Spring wildflowers are in full glory, with white trillium, wild geraniums, Solomon's seal, shooting star and many others putting on a dazzling show for visitors to the Preserve, in Bills, Woods and along the Big Oak trail. Also, flowering bushes everywhere brighten the scene and hold the promise of nourishing berries for birds and critters. Photographers have been sharing this brilliant show of nature on iNaturalist. Thank you.
Spring ephemerals are bursting into view with a certain urgency. They sense the need to bloom before the first leaves on understory and trees will cast their first shadows. Dutchman's breeches and trillium, usually blooming weeks apart, are raising their white blossoms almost simultaneously, and everything in between on the ephemeral calendar is peaking through last year's wilted brown leaves covering the forest floor.
Signs of spring are sprouting in the Preserve, breaking through last fall's leaves on the ground or bursting from branches on bushes and trees. Have a look at these observations made during this past week in the Preserve, some with Botany 401.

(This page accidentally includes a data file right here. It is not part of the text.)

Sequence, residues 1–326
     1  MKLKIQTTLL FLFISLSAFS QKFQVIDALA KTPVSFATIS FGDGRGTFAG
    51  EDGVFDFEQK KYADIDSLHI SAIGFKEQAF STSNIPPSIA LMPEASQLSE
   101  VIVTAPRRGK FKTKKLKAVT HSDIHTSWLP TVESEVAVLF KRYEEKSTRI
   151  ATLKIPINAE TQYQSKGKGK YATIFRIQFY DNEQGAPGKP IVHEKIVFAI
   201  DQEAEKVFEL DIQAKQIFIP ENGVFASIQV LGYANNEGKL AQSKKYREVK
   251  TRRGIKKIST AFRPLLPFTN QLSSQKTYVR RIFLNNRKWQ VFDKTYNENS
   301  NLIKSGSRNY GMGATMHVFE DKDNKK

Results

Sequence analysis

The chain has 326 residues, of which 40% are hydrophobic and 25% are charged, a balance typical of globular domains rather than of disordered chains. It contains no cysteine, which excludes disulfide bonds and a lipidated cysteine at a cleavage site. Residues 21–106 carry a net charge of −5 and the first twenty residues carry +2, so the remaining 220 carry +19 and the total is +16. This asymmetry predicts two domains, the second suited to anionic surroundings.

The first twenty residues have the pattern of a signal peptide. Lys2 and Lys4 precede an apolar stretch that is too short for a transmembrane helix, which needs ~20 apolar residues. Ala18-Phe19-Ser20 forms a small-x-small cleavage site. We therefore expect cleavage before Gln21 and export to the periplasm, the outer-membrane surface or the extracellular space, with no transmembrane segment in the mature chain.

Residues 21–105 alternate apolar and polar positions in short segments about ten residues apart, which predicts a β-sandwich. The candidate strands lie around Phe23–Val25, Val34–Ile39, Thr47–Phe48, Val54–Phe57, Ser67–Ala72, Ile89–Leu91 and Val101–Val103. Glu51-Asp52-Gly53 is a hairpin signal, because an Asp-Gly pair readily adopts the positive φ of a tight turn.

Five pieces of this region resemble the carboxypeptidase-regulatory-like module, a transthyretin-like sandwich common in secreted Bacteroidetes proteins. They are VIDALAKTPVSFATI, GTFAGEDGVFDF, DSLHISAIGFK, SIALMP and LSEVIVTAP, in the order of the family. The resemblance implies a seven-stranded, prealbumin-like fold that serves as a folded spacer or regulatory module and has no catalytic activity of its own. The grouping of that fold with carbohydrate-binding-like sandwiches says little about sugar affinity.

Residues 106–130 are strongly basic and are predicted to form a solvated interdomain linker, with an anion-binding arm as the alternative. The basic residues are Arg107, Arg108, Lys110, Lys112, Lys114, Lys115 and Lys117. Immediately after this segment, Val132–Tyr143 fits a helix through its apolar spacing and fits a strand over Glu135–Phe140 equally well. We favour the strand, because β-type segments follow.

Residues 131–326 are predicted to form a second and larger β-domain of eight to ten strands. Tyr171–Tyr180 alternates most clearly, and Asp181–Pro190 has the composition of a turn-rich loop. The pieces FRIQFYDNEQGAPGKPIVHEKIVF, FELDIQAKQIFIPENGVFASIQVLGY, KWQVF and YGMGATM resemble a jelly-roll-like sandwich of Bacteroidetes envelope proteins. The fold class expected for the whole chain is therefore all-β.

On March 8, Jeff Steele, on his daily exploration of the Madison area looking to photograph birds, insects, plants and more, also stopped briefly at the Lakeshore Nature Preserve, the Class of 1918 Marsh. Undoubtedly, he hoped to observe a Sandhill Crane at this location. Several of them had been reported in the Madison area this past week. We are rewarded with this photo posted on iNaturalist.
Jeff also spotted numerous water fowl that day on the open waters of Lake Monona and the Yahara River, including a Peregrine falcon, Red-winged blackbird, Gadwall, Common goldeneye, Canvasback, Ring-necked duck, Redhead and Lesser scaup. Thank you Jeff.
On his recent visit to the Preserve, Jeff Steele photographed some tiny song birds foraging for food and working on keeping warm. How can they survive this bitter cold Wisconsin weather? The short answer is that they use several survival strategies: they eat foods with high fat and caloric content, they shiver to fluff up their feathers, and they stay out of the wind.